Australasian Dental Practice

Monday, 22 July, 2024

01 Sep 2004 | Australasian Dental Practice

news > Spectrum > Page 48

Teamwork towards India

By Dr Jim Poyner

Since my return from the Australian-Tibetan Dental Project in October 2002, several people said that they would love to join a team with me if I was ever going again. My wife Jill is a dentist in our practice and she was very keen to come after hearing my tall tales (but true).

Kelly Hogan, one of our dental assistants, and our hygienist Tracy Stuart also put their hands up to be counted, so we pretty much had a full team from our own practice!

Tracy said she had often thought of volunteering for an overseas aid project and would be happy to participate as a chairside assistant. Fortunately, she has over 15 years experience as a hygienist working both for the army and also in private practice.

Kelly started working chairside for us straight from school. She has recently taken on the role of receptionist/office manager and her enthusiasm and experience will be a great asset to the team.

The cost of participating in the project is borne personally by each participant. A fair estimate would be about $3,000 per person and that includes all travel, accommodation and food, so we decided to do some in house fundraising.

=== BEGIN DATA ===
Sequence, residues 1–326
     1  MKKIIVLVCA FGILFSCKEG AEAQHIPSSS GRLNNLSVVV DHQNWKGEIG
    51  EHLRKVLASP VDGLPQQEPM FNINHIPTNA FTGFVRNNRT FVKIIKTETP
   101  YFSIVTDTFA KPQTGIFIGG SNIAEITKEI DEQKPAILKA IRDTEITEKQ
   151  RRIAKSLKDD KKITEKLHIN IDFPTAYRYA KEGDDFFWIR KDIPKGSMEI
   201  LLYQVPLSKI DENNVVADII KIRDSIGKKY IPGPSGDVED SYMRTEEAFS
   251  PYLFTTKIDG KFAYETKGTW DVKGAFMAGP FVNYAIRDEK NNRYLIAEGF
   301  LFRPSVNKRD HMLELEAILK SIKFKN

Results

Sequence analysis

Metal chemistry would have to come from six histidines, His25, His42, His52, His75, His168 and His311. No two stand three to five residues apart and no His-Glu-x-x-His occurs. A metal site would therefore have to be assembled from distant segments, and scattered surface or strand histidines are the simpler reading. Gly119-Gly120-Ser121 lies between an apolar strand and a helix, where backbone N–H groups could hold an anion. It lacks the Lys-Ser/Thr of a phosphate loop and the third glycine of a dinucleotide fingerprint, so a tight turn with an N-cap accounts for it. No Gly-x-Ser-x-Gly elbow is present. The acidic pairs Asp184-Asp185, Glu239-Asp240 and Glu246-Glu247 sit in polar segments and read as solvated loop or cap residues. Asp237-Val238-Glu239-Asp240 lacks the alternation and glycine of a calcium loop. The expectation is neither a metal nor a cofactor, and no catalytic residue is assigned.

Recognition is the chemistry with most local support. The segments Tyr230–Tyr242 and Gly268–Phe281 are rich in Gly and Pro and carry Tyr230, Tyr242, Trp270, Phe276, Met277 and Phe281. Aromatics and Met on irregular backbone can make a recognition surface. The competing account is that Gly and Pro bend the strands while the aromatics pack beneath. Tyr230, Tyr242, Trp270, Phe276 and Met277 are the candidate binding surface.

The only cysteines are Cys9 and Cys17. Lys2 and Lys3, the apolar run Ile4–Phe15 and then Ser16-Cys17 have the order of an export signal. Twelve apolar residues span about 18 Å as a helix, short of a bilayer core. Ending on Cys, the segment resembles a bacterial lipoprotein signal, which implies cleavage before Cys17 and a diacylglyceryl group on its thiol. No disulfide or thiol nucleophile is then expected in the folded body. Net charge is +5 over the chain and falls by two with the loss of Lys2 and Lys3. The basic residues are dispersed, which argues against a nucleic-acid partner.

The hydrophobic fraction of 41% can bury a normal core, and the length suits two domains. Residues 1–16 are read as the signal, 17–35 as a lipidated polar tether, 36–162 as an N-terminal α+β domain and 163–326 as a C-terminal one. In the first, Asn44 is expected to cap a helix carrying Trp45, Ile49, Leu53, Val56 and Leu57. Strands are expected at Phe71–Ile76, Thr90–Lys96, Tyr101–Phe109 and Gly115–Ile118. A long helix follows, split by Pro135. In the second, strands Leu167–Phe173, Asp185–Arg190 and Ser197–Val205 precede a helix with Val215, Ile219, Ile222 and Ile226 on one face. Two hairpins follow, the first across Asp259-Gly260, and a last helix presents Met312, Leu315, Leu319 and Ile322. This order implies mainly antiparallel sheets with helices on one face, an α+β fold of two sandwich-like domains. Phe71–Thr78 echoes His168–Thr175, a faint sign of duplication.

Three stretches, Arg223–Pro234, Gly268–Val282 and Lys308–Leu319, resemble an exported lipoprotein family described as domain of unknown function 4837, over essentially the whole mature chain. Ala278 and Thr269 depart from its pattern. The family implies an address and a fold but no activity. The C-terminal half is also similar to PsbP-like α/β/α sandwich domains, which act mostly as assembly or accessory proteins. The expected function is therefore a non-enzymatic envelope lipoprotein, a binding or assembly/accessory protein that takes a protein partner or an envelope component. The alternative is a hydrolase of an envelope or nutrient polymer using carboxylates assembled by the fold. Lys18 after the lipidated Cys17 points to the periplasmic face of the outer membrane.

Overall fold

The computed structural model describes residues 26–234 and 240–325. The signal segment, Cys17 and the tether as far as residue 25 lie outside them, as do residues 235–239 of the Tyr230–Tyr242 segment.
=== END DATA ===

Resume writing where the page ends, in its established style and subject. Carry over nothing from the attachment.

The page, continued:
The team decided that the four of us would work some Saturdays, a time that we are not normally open. None of us are paid for that time and all the fees generated go towards the cost of the India trip.

It has been a great team bonding exercise (maybe we should sell the idea to NSW Rugby League!). We all have to chip in and help as there are fewer staff than we would normally have during the week. When we tell the patients what we are doing, they are quite excited and some even ask if they can come again on a Saturday especially so that they can feel as if they have contributed to the project. I have some photos and a newspaper report of my last trip to work with the Tibetan refugees displayed on the waiting room notice board. It gives the patients a clear impression that we are not just "takers", and it educates them to the efforts that many dentists put into the wider community.

Our physical part in India takes place over the first three weeks of October. So far, we have got a lot of fun out of it and a really positive buzz in the practice. It is going to be a heap of fun romping around the Himalayan foothills as a practice team and we know that we can complete the work there efficiently and happily.

I would commend to any practice the concept of introducing a team "charity" project. We have certainly found our way of raising the money to be both fun and team building.

After I returned from my last trip to India, I wrote the following words, which I am confident that we will all be happy to rewrite again:

"Finally, I had a great time, have some great photos, learnt a lot about dentistry, the local culture and working as a team. I feel privileged to have been accepted as a member of the team, and feel that it is a worthwhile project which is doing good in the Tibetan community."

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